If you want to break into the magazine market, you need to first find out who to make your pitch to and how to convey your idea in the most sparkling way. It’s not difficult, but since there’s a methodology for everything in life, why not learn it?

Steps to make a successful pitch:

  1. What is the editor’s name? Personalize your query letter by addressing it to Mr. George Willis or Ms. Sarah Adams. By not writing editors’ names, the impression they get is that you haven’t bothered to find out enough about the publication and you haven’t invested enough effort into your query letter. Don’t let anyone have such a negative impression of you, so write aiming your letter to a person, not to his qualification.
    Secondly, if you’re writing to a large publication, it’s important to know that they have different editors for different sections. So, you need to send your letter to the right person. Yet again, it’s important to find out the right person’s name before posting off your letter. You can do this by calling the magazine and finding out his or her name.
    It’s also necessary to spell an editor’s name correctly. Bear in mind that as people grow older and climb the ladder in their organizations, they get touchy about their names being mis-spelt.

  3. Who are you writing for? Go through any magazine you like and check the sections that you are interested in writing for. Or, you will cut a sorry figure by pitching a beautifully written letter to the wrong publication, assuming you want to write in one niche that it doesn’t have. Read a minimum of two issues of the magazine to know its content, style and length, and of course, frequency.
    Next, check out the magazine’s site where it’s sure to have put up its submission guidelines. If you read these, you will get a fair idea of what’s expected of freelancers wanting to write for it. In the rare event that you don’t find any guidelines on the site, send in a letter to the editorial office along with an SAE (Self-Addressed Envelope) requesting for writer’s guidelines. Once you know just what the magazine will accept, you can think up article ideas that the editor is sure to accept.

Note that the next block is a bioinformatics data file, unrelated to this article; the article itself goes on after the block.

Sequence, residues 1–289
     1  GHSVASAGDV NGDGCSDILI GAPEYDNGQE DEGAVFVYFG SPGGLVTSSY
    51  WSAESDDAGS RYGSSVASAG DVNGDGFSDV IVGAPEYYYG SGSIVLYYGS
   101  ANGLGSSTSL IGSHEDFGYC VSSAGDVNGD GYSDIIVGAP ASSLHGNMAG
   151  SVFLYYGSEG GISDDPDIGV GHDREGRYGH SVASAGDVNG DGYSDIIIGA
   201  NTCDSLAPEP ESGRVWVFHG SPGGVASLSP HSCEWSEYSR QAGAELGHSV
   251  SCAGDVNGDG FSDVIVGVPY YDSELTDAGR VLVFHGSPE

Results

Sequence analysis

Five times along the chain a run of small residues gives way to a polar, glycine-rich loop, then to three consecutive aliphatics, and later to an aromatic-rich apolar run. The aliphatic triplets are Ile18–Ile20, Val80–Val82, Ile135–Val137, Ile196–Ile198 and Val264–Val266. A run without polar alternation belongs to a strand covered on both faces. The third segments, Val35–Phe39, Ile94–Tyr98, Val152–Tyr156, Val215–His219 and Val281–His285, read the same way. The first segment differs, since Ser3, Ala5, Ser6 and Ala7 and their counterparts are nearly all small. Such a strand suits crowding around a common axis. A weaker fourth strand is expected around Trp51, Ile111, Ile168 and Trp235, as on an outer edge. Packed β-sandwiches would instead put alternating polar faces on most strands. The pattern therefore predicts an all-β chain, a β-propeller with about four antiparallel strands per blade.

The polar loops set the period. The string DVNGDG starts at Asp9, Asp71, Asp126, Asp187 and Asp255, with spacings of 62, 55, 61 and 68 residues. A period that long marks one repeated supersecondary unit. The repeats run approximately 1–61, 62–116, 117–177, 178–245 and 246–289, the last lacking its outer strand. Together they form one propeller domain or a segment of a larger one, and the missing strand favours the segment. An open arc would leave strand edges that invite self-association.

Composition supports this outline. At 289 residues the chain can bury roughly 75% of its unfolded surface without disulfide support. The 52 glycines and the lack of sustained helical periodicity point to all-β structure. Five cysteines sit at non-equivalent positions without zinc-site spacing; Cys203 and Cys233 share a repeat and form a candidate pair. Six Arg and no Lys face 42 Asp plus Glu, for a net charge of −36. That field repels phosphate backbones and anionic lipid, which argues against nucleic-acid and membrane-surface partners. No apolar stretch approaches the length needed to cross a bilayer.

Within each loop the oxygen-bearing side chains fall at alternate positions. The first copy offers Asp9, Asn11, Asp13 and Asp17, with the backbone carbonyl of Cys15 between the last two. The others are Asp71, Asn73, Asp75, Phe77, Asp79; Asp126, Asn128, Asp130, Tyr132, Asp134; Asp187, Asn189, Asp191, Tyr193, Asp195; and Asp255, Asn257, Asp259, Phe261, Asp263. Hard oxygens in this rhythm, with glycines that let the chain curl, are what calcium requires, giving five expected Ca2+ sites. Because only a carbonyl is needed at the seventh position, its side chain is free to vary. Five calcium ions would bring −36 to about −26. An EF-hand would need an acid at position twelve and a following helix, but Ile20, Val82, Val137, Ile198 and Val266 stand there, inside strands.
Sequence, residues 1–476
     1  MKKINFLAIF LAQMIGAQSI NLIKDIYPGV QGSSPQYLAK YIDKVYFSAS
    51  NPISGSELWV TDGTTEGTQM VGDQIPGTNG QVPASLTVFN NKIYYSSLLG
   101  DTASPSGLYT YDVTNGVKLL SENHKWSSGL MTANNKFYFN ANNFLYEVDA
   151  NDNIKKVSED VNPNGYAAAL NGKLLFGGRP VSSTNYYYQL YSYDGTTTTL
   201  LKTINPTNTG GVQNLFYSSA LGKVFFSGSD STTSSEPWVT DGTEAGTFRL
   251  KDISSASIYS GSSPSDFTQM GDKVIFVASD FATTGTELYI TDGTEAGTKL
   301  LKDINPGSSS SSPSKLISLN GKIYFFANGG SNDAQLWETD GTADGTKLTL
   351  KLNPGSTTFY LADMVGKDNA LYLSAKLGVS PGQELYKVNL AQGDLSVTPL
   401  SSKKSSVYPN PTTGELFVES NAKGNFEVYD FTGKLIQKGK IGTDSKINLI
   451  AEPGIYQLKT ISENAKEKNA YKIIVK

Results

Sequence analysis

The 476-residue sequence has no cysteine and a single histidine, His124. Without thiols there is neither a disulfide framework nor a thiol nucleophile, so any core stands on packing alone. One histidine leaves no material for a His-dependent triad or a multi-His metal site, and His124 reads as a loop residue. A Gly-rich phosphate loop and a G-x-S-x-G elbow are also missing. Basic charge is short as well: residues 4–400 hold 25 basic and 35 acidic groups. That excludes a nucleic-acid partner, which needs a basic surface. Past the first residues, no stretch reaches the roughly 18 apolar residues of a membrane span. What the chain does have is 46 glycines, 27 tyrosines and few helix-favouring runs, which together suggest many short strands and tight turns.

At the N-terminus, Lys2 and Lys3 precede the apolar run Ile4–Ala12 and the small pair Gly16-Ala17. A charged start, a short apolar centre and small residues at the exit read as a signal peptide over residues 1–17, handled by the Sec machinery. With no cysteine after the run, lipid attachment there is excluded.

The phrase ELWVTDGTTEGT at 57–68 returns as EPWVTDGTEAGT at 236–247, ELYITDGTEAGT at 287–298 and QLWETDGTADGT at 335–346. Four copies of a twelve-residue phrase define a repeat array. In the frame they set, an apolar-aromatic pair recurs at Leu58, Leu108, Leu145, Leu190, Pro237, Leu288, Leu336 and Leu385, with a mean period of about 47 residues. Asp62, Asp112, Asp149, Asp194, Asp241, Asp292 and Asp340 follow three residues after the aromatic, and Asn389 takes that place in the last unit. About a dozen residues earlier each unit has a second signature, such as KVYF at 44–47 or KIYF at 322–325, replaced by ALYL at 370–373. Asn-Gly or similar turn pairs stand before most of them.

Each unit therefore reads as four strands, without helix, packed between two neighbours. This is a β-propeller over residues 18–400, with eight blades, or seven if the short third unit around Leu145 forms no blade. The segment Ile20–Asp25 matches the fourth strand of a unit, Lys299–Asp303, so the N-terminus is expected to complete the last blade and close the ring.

5. Improve your research and writing skills: Ensure that your research skills and your quality of writing are of acceptable quality. So, if you are making a pitch to a large national magazine, do so only if you already have the relevant experience. This means that you’ve already been published in large magazines. If you don’t have that kind of experience, you’re not ready for this publication. Wait until you’re sure of yourself working with such publications and only then send in your query letter.You can also go online and join professional networking organizations like Media Bistro where you can find all sizes of publications and find the information you need regarding pitching to large magazines.

  7. Build your online profile: Set up your online profile using the power of the Internet and social media sites. After all, every employer today first checks out these sites before meeting an applicant. So, put up your profiles on LinkedIn, Facebook, Twitter, Tumblr, etc. Through your online profile, two things should come through about you—that you have an abundance of original ideas and that you are committed to an issue or a topic. You can demonstrate this by embedding relevant articles, videos or images on the subject.